In collaboration with the Conservatory of Recording Arts and Sciences, one ot the country’s leading pro audio teaching facilities, PAR has introduced a regular series of in-depth reviews conducted at the Conservatory’s state-of-the-art teaching faculty in Phoenix.
In this world of pro audio where products that follow the classic designs of vintage Neve and API models are almost expected, SM Pro Audio introduces the PR8E, an enhanced eight-channel microphone preamplifier. Instead of being one of many manufacturers trying to get a foothold in the boutique preamp market, the PR8E is designed specifically with the home recordist and project studio in mind. In the packaged literature, SM Pro Audio explains the PR8E is designed to fill the void created by the often-compromised quality of preamps located on many consumer digital audio workstation interfaces. At a suggested retail price under $200, how does it stack up against other preamps in its price range and beyond?
The PR8E is a single rack-space unit that has a very solid feel. Each of the eight preamps has an XLR combo input on the unit’s face and a TRS output on the back. The preamps provide an impressive 60 dB of gain. Alongside phantom power and peak indicator LEDs on every channel, a 48V switch is a nice feature compared to a different multiple channel preamp I tested which offers a universal 48V phantom power switch and no indicator lights. Each channel has a smooth gain potentiometer, adjustable up to a maximum output of 23 dB. The power switch and accompanying LED are also located on the front. A polarity reversal switch is also given for every channel and is located on the back of the unit, next the TRS output. The design of the PR8E is clean and modern, mostly black with silver potentiometers and swatches of gray and red. It is very user-friendly in both setup and operation.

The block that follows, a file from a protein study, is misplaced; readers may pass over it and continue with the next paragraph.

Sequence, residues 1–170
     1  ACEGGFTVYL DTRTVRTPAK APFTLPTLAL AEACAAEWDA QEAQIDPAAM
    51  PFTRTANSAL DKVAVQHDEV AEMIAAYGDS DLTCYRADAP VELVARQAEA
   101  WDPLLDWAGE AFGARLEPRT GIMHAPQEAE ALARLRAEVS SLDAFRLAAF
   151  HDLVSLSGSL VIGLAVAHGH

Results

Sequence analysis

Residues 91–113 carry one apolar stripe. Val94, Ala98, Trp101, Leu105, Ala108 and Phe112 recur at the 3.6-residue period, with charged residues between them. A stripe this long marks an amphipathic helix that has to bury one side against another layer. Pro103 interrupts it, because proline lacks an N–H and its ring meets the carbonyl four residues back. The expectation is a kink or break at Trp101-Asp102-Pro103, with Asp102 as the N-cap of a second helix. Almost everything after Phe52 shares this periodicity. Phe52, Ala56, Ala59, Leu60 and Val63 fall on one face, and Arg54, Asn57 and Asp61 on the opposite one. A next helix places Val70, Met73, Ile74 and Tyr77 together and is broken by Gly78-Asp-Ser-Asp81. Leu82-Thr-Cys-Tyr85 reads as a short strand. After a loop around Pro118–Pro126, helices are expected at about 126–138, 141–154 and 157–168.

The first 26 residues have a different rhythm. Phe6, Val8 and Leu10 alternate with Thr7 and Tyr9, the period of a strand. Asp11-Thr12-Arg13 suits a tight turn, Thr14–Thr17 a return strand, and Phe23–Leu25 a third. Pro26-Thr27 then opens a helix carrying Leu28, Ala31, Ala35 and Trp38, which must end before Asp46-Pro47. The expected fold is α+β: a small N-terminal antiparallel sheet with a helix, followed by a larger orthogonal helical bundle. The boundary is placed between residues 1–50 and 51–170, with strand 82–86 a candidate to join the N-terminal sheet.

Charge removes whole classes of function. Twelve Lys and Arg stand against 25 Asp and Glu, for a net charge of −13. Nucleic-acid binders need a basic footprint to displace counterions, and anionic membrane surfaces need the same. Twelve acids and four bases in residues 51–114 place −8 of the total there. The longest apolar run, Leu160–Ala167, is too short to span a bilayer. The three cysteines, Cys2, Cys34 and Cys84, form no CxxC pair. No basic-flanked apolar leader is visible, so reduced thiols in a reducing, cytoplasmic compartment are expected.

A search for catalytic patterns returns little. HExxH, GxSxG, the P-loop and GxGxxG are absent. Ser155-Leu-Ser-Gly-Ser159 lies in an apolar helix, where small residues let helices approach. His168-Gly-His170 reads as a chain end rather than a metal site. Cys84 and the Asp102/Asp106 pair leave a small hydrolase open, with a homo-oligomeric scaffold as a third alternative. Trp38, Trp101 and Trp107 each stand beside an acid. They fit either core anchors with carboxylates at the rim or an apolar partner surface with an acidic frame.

I tested the PR8E in a number of situations and was impressed across the board. As a guitar player, I was anxious to see how the preamps did with both acoustic and electric guitars. Using a pair of AKG C451E mics in a spaced pair setup on a Tacoma Koa Jumbo acoustic, I was pleased with how balanced the PR8E sounded. The preamps have a gentle dip around 90 Hz and a rise at both 2.5 kHz and 10 kHz. As the Tacoma can have a big bottom end, the PR8E tempered it while permitting the detail to shine through. On electric guitar I used a Fender SRV Stratocaster through a Fender Twin. Miking was done with two Shure SM57s on the speaker, two Audio-Technica 4047 back about two feet and two omnidirectional AKG C451E about 10 feet back in the room.
After attempting to make all three setups as even as possible, I ran one set of outputs to three channels of the PR8E, and the other set to three inputs of a Neotek Elite console. Recording all six microphones to six tracks of Pro Tools HD, the PR8E revealed a bit of lower midrange emphasis, but not in a way that made the sound overly muddy. The guitar seemed to be beefy, but lacking slightly in the “bite” the part needed. My artist felt the PR8E had more “depth” than the Neotek preamp. Engaging the polarity reversal took out some of the “beef,” allowing for the “bite” to come through a bit more. Having the polarity reversal on the back of the unit limits access once the PR8E finds a home in a rack, but many of my friends who run DAWs at home would rarely, if ever, have a need to change the polarity.